Northrop Frye


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Frye, Northrop

(nôr`thrəp), 1912–91, Canadian literary critic, b. Quebec. In 1936 he was ordained as a minister in the United Church of Canada. In 1948 he was appointed professor of English at Victoria College, of which he was later principal (1959–66). Fearful Symmetry (1947) is an authoritative study of William Blake's symbolism and religious mysticism. His most influential study, Anatomy of Criticism (1957), a synoptic overview of the principles and techniques of literary criticism, attempts to uncover and categorize the underlying myths and archetypes of world literature. The Great Code: The Bible and Literature (1982) is a discourse on the narrative and stylistic devices of the Bible. His other major works include The Well-Tempered Critic (1963), as well as studies of Shakespeare, Milton, T. S. Eliot, and the English romantic poets.

Bibliography

See studies by D. Cook (1986) and I. Balfour (1988); bibliography by R. D. Denham (1987).

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References in periodicals archive ?
CW 29 = Northrop Frye on Twentieth-Century Literature.
By the time Northrop Frye set out to write what would become the definitive monograph on Blake, and the book that would make his name as a critic, Fearful Symmetry (1947), dozens of books had been published on Blake, as Frye himself makes clear in the posthumous Northrop Frye on Milton and Blake.
This reference reader on the life and writings of Northrop Frye provides researchers with a comprehensive listing of events, publications, and secondary source materials relating to the father of modern literary criticism.
Considering Rowling's non-innovative use of traditional models, they conclude (unconsciously paraphrasing Northrop Frye's Anatomy of Criticism) that "Even breaking with tradition reckons with the tradition....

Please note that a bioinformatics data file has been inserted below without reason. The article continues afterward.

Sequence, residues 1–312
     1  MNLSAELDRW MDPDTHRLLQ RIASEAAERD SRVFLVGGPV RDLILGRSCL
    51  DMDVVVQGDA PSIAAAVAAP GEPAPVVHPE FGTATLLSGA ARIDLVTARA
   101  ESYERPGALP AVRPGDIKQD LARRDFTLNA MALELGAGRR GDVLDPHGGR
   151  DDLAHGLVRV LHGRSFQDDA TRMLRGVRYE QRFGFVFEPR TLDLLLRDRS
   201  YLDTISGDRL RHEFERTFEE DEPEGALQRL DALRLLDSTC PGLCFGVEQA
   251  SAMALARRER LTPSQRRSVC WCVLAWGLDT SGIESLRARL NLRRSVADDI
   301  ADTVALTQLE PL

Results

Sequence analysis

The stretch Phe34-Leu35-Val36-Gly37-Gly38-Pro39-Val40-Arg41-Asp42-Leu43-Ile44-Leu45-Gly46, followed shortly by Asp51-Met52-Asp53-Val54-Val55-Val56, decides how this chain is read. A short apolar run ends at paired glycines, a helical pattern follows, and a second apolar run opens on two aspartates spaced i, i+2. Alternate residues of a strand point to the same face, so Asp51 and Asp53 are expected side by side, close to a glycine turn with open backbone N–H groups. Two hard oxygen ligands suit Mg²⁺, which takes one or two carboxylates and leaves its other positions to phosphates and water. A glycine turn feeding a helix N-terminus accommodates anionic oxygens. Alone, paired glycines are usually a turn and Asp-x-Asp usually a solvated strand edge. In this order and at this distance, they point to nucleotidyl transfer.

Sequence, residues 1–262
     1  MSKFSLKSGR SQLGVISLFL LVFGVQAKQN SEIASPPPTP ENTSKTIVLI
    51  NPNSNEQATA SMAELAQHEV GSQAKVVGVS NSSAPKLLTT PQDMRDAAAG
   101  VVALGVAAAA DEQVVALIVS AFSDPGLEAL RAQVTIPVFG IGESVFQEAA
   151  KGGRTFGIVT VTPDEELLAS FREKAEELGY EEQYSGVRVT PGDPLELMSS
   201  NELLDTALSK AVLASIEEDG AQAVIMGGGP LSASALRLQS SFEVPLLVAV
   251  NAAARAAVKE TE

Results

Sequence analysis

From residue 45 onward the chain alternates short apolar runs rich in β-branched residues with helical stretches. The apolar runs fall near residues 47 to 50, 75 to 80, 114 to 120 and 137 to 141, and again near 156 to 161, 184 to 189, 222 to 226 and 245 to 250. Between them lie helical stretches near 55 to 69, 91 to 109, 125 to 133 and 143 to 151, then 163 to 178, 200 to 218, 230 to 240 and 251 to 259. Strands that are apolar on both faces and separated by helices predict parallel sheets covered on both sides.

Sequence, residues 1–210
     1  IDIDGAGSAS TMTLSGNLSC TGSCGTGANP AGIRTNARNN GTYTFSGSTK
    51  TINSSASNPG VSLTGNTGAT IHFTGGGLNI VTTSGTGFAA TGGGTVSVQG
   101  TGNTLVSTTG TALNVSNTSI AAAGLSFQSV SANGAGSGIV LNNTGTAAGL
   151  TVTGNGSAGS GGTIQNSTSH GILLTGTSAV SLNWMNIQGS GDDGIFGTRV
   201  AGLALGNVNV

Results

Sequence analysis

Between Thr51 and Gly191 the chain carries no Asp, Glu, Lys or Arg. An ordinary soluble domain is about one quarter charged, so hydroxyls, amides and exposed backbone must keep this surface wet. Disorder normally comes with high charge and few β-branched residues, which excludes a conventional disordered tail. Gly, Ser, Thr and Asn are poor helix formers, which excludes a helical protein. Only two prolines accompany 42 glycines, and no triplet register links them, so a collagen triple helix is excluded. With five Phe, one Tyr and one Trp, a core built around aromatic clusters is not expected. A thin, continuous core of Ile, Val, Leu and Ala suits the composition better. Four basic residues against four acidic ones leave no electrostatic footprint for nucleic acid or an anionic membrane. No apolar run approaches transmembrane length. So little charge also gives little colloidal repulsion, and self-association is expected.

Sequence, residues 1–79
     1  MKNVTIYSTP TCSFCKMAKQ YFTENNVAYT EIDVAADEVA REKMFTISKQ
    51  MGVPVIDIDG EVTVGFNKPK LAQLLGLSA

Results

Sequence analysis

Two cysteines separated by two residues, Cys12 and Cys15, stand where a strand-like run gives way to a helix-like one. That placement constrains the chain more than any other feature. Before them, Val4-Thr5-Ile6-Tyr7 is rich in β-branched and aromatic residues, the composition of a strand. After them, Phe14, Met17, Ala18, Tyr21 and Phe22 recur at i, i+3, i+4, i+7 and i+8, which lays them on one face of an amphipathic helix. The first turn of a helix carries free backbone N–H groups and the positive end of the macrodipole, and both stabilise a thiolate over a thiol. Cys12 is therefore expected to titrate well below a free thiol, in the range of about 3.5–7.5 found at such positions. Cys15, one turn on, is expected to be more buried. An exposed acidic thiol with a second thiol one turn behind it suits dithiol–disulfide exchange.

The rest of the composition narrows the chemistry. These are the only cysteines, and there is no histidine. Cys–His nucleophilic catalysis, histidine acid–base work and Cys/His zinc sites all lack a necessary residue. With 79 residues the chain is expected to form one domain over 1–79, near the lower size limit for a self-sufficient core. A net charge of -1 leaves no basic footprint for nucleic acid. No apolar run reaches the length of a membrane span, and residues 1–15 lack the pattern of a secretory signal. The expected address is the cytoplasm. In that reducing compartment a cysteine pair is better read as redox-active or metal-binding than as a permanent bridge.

Bob Rodgers is currently editorial director of Northrop Frye on the Bible and Literature, a 24-part new media series based on recently recovered archives of Frye's celebrated video lectures on the Bible and literature.
In the introduction, after questioning Thomas Moser's achievement and decline reading of Conrad's writing career, Baxter contextualizes her study in relation to ideas of romance articulated by Northrop Frye, Gillian Beer, and Margaret Bruzelius and then explains the distinctions between philosophical romance and anti-philosophical romance articulated by Robert Miles.
Northrop Frye spoke of "the powers of repression in the student's mind that keep him from knowing what he knows" (1982: xv).
Highpoints include not only the boisterous invocation to the Muse of Satire, but also lyrics that strike a delicate balance between irony and genuine plaintiveness: "I am like a hollow tree / Where the owl & weasel hide / I am like a hollow tree / Dead in the forest of his brothers." The resulting book should appeal to a range of readers, including those interested in pastoral, in the work of Reaney's mentor Northrop Frye, and in Canadian history and literature in general.
C'est ainsi qu'il travaiUera a partir des textes de Henry Louis Gates, Houston Baker, Thomas King, Gerald Vizenor, Pierre Nepveu, Northrop Frye, Anthony Appiah et Charles Taylor, notamment, pour etudier comment s'exprime la << double conscience >> dans les etudes de litteratures << africaines-americaines, autochtones d'Amerique du Nord et quebecoises/canadiennes >> (28).
It is the importance of this theme that leads Reynier to characterise Winterson's work as a revitalisation of the genre of Romance, as defined by Northrop Frye (69).
In 1976, Northrop Frye wrote, "[I've] long been impressed in Canadian poetry by a tone of deep terror in regard to nature." This terror is no longer that of the settler contemplating the deep, dark woods.
Northrop Frye sketches in the opposition: "One very common convention of the nineteenth-century novel is the use of two heroines, one dark and one light.

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